Scotland's director of rugby Jim Telfer fears the World Cup could become too predictable if more work is not done to close the gap between the big five nations and the best of the rest.
Jim Telfer fears the World Cup semi finals are inevitable
Telfer, who is retiring after the tournament, is pleased that the World Cup is becoming a "bigger and bigger" event - but urged the International Rugby Board to do more to increase competition.
Wales in 1987 and Scotland four years later are the only nations from outside the big five to have reached the World Cup semi-finals and Telfer bemoaned the "inevitability" of the draw.
"When everybody is playing well and the conditions are good, rugby is not a game where you get shocks," he said after Scotland touched down in Australia.
"It's not like a golf match at St Andrews when it's blowing a gale, or last year at Muirfield (for the Open) when the wind is howling.
"I suspect in Australia that the conditions will be the same for both teams, pretty even and good, so the chances of a minor team coming through are slim."
As a result, few people are looking past England, New Zealand, Australia and France reaching the last four.
Scotland face Les Bleus in what could be the crunch Pool B showdown on 25 October, with the winners likely to avoid a potential tie with Australia in the quarter-finals.
"We want to do as well at the World Cup as we can, but we haven't beaten England since 2000 and haven't beaten New Zealand ever," said Telfer, who neglected to mention it is also four meetings since Scotland last beat the French.
"The IRB spend a lot of energy and time developing the minor nations, which is very creditable, but actually what they should be doing is looking at the medium nations - between four and 16 - and developing them."
Telfer pointed to soccer's tiger nations who have come on in leaps and bounds over the last decade and the way the likes of South Korea, Senegal and Japan made a significant impact at the 2002 World Cup.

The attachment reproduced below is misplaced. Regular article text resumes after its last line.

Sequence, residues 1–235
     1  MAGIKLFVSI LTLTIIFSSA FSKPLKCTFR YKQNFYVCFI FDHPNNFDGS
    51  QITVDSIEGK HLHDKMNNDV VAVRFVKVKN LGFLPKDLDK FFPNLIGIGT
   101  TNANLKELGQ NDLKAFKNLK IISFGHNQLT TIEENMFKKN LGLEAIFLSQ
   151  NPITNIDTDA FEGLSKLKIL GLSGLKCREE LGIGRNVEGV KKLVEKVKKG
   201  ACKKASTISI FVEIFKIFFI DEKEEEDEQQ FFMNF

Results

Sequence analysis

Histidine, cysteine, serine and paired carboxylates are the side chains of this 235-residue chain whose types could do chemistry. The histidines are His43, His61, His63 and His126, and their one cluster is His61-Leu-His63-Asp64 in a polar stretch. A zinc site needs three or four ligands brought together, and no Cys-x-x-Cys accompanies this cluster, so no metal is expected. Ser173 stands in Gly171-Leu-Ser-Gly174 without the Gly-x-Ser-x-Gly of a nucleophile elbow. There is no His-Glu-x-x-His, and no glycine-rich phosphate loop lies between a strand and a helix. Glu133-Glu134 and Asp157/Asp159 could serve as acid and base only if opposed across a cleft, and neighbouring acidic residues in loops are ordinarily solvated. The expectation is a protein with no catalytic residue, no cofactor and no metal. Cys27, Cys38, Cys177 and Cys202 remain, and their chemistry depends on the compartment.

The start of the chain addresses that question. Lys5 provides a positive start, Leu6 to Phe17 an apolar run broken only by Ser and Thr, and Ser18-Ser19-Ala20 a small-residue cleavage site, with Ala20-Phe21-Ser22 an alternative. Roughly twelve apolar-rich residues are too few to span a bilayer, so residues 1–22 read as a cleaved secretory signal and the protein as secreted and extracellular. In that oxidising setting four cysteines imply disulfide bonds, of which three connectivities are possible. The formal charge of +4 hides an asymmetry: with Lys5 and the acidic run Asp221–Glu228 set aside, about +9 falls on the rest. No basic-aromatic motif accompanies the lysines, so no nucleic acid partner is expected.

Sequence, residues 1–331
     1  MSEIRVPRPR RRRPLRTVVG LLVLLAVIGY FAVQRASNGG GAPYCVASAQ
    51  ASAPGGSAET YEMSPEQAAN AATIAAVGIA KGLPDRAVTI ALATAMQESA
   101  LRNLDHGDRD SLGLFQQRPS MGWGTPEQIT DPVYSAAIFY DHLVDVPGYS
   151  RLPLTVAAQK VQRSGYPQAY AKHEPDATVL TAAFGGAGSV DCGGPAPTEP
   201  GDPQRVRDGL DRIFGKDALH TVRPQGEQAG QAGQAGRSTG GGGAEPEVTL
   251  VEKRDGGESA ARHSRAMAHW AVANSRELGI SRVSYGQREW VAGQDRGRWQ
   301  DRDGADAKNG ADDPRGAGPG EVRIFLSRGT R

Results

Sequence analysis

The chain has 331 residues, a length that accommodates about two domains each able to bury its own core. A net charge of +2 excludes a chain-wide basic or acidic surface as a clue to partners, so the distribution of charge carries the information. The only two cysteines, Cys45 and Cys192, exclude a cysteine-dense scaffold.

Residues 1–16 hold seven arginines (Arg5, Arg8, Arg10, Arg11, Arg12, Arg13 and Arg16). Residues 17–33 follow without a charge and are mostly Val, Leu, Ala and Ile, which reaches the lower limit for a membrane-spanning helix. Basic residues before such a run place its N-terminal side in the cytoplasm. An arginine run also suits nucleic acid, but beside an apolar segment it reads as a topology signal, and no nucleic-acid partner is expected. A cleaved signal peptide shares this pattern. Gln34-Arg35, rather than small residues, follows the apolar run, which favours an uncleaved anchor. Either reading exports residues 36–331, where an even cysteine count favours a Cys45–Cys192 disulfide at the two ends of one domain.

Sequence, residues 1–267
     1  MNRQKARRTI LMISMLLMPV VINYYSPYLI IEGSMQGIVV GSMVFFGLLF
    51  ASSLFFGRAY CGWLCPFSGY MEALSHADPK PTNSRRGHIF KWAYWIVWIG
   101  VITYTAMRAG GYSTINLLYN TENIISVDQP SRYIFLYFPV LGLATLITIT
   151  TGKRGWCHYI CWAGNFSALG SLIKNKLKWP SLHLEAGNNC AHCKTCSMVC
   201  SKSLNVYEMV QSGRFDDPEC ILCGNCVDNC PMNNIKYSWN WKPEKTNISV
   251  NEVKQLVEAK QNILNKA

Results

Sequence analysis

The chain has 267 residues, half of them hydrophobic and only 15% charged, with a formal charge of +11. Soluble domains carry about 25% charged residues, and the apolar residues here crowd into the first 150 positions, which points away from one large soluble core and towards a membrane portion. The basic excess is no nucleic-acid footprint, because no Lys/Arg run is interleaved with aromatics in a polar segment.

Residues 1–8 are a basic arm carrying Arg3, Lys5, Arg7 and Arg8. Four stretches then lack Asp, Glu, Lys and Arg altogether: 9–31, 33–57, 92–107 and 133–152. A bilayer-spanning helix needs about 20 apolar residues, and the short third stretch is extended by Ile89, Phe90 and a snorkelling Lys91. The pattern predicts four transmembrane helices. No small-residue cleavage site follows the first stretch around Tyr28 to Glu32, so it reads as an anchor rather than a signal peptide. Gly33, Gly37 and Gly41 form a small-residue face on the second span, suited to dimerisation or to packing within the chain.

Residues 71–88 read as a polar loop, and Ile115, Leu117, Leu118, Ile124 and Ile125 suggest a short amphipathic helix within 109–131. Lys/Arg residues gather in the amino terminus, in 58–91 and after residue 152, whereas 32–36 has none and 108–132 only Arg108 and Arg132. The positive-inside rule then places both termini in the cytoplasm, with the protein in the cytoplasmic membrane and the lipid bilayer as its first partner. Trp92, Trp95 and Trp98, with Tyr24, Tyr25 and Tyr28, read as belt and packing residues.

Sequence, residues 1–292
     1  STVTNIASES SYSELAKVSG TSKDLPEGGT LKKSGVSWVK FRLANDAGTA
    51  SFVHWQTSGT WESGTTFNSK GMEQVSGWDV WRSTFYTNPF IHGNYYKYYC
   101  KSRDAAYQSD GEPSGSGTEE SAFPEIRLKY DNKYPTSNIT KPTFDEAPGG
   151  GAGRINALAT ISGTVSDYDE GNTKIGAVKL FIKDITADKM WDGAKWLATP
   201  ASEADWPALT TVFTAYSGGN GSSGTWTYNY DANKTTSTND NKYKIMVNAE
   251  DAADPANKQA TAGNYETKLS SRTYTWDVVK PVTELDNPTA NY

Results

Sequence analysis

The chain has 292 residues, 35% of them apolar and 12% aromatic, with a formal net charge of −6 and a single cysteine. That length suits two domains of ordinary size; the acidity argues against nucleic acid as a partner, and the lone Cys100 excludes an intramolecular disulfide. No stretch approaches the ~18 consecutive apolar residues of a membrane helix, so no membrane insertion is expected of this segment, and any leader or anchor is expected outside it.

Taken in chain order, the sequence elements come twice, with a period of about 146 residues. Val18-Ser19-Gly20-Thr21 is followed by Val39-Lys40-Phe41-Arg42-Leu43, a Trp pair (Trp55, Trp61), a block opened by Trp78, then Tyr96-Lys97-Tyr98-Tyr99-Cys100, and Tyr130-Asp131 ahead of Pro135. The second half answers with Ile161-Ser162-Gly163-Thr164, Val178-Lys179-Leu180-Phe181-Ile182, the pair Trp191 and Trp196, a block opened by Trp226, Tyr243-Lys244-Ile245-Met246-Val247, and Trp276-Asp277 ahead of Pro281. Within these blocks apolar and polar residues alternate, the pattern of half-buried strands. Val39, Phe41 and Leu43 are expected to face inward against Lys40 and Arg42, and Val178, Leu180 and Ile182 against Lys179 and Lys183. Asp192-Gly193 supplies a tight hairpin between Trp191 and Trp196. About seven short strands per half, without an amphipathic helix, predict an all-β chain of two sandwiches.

Meanwhile, Gordon Bulloch believes Scotland can make an impact and beat any of the top teams on their day.
The Scots are not fancied to do well at the tournament, but the hooker concedes that failing to make the quarter-final stage would be failure.
"We can beat anybody on our day," insisted the 28-year-old.
"There's maybe slightly less pressure on us because the expectation has gone down. We've shown we can play at times, but we just need to prove it on the pitch.
"We are expected to progress and we ourselves expect to progress - and will be very disappointed if we fail to get to that quarter-final stage.
"Nothing's changed from that respect, but we have to make sure we go out and enjoy it and get results.
"It does take a lot of pressure off not being expected to go beyond the last-eight stage, but the great thing about it is in the quarter-final you get one huge game.
"You don't have home advantage and you have to give it your all. People can get nervous, have a bad day and make mistakes - you've just got to get out there and do it."